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Confusion on Right/Left About Court Ruling on Settlement Outpost



The Supreme Court, in its role as the High Court of Justice ordered the evacuation and demolishing of seventeen homes in the West Tapuah (Tapuah Ma’arav) outpost. The deadline for implementation of the ruling is June 2018. The ruling is part of an agreement between the State and the Court.

The Court ruled that the rest of the outpost was built on publicly owned land, and can remain where it is.

The petition was filed in 2015 by Yesh Din, a legal rights NGO, on behalf of residents of the adjacent village of Kfar Yasuf, who claim that the homes were built on land owned by the villagers. In addition, the petition claimed the homes were built without building permits.

According to Israel Radio, the court ordered the demolition of the unapproved buildings, but spokespeople for both Yesh Din and Justice Minister Ayelet Shaked refuted that point.

“This ruling is a great mark of success for the settlement movement because the court didn’t order the community to be demolished,” a spokeswoman for Shaked told Tazpit Press Service (TPS). “The court ruled that 17 caravans, homes to seven families, that are currently situated on land that has not been designated as state land will have to move, in a year-and-a-half.

“But the rest of the community has been legalized. The 17 caravans that are currently not located on state lands will move several meters and the rest of the community has been legalized. Building there will continue, and the community will be continue to flourish from here forward,” Shaked said.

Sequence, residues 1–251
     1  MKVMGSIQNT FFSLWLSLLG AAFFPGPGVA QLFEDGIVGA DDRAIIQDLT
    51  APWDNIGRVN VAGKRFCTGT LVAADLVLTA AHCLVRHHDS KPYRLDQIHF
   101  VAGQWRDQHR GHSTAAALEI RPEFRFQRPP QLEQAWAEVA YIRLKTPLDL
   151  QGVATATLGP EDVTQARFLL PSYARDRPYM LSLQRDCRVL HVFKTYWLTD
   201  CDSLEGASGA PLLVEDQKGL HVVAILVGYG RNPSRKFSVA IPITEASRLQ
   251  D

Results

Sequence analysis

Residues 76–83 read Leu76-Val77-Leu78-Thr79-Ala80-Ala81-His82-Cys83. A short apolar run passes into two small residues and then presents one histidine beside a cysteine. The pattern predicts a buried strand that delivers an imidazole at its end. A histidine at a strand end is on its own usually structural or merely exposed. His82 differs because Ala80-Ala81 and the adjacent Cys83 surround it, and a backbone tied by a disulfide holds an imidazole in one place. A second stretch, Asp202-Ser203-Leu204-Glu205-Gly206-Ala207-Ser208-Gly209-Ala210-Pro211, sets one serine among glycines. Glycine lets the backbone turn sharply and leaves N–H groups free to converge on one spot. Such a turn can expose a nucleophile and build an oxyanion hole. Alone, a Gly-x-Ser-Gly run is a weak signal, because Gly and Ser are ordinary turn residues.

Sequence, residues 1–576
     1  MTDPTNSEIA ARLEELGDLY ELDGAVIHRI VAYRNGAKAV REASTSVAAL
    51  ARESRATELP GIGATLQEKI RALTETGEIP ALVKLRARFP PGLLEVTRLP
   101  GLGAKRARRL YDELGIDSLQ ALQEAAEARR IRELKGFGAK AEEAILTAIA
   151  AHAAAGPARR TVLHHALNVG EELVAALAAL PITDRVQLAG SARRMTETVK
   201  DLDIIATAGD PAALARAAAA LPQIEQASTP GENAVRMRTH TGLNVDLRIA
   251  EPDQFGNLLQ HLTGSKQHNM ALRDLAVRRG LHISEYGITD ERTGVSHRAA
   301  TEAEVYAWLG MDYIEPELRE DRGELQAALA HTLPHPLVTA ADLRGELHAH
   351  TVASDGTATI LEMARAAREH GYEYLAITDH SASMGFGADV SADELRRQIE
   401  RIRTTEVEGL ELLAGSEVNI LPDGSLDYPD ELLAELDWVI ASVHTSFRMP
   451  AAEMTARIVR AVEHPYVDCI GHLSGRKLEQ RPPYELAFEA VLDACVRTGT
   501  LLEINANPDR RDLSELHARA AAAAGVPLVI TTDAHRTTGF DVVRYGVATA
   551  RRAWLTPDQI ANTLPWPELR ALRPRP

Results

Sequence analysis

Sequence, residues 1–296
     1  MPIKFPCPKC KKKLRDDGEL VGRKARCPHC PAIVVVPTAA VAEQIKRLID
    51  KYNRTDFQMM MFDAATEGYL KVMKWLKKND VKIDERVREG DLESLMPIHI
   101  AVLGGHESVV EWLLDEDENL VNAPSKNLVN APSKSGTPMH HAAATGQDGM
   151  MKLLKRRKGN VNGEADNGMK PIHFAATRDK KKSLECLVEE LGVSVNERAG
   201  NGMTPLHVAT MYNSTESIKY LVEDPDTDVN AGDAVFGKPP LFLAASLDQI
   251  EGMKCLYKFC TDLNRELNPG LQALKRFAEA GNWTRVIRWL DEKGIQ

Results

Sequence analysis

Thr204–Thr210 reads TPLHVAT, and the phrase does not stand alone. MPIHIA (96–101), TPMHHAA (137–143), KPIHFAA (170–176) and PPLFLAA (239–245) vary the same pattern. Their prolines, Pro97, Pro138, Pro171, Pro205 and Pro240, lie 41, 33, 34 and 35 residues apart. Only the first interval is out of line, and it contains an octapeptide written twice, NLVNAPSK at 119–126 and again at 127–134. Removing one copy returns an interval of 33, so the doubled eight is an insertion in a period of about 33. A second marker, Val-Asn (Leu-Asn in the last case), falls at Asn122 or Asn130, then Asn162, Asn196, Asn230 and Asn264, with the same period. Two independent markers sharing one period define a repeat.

Yesh Din agreed, albeit from the opposite side of the political spectrum.

“Of course, we feel it is a positive move to remove the buildings that are built on private land,” said Gilad Grossman , spokesman and Director of Media Department for Yesh Din. “We brought this case for two reasons: One, because the caravans were placed on private land, and two, because the residents of West Tapuah have a long history of violence against neighboring Palestinian villages.

“But we expect the state to remove all Israeli building on Palestinian land, and not just to move a few buildings and declare the rest of the settlement legal as it is on state land”, Grossman said.

The outpost’s residents were far from satisfied both with the ruling and with yesterday’s ratification of the Legalization Law, which they describe as “little more than a frustrating attempt to avoid making clear policy decisions about the future of Israeli settlement in the area”.

“The Netanyahu-Bennet government is a disgrace,” said one resident of Kfar Tapuah, the settlement of which West Tapuah is an outpost. “They have sat on their hands on the issue of Israeli sovereignty in Judea and Samaria for too long”. “Yesterday Amona, today Tapuach West”. “Jewish families returning to their ancestral homeland, and settling its heartland should not be evicted, and see their homes demolished by the State of Israel”.

“It is time for the Israeli public to rethink our blind support for these two parties who have proven to be a huge disappointment. We must make Israel great again,” Ha’Ivri told Tazpit Press Service (TPS).

In a rare move, the court backed up the agreement with a ruling requiring the state to adhere to the terms of the agreement because of previous instances where the state has not shown good faith in keeping its commitments to the Court on settlement-related issues. 

By: Andrew Friedman

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